When we talk or read about mobile learning, it’s often implicitly implied and understood that we are talking about learning that takes place on a mobile device.
However when users and educators start looking for more information on mobile learning, they are often met with a barrage of additional terms and learning methods, all of which seem to be grouped under the umbrella of “mobile learning”. QR codes, educational apps, mobile-enabled websites, gaming, text messaging, flashcards… how do all these different activities fit together and why are they all considered mobile learning activities?
Web Model of Mobile Learning
Due to the advent of advanced mobile devices and internet technology, an integration of capabilities have enables users to be able to access the net from mobile devices, wherever they are, as long as they have internet connectivity, wireless or otherwise.
As a result, the mobile device began to function as a limited (to begin with) computer which could mimic all the browsing, emailing and chatting activities usually done with a desktop and net connection. When these activities are applied to a learning environment, for example, if students use their phones to access information on to a blog or visit a webpage, then it is a mobile learning activity.
App Model of Mobile Learning
Smartphones have ushered in the age of apps. Apps are nothing but software programs created to work on a mobile phone. An app can provide any functionality or capability the user requires, such as measurement unit converters, list builders, and games.
Educational apps are focused on teaching specific skills, such as language apps, or math flashcards. When a student accesses an educational app to learn something on-the-go, he/she is using the app model of mobile learning. QR codes are more sophisticated two-dimensional barcodes, and can contain more information which can be read with a scanner. QR code scanners are downloadable as smartphone apps and use the phones camera to scan the code.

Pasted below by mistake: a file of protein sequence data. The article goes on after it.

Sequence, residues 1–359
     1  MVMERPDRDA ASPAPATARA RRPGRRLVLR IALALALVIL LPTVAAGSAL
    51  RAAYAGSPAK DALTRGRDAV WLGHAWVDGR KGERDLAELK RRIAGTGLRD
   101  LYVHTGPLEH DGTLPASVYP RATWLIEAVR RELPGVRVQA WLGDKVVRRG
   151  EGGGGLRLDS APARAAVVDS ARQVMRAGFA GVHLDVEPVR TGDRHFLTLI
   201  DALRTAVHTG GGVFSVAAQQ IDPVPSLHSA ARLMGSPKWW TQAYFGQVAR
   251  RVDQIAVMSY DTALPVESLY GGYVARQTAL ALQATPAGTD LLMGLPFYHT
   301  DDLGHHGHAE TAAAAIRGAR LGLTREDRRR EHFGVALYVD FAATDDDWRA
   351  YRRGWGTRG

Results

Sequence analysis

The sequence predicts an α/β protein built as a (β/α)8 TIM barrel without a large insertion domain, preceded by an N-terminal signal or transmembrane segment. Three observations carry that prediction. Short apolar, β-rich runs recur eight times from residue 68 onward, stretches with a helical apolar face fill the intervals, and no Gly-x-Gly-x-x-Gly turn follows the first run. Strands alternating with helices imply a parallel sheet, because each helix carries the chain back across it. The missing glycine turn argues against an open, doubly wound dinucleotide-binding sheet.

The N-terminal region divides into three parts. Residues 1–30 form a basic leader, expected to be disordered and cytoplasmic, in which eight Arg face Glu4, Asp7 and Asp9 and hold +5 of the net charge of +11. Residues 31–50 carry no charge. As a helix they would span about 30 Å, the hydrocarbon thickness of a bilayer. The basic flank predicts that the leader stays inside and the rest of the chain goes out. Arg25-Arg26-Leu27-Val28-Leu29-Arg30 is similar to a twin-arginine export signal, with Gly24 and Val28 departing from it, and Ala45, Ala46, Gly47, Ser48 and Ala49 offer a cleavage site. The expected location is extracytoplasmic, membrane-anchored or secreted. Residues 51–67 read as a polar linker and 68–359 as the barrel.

Cellular Model of Mobile Learning
The cellular model of mobile learning makes use of the telephony capabilities of the mobile device. Every phone has basic voice and data capabilities. When learning is imparted via text messaging (for example, replying A,B,C or D to a multiple choice question), that is using the cellular model of mobile learning.
While both the web model and the app models require internet connectivity, the cellular model of mobile learning only requires the phone’s network connectivity.
Mobl21 converges the paths to mobile learning
Mobl21 combines the sweet features of the three models of mobile learning to provide educational capabilities that are numerous, flexible, and available to students both online and offline. For more information contact firstname.lastname@example.org.
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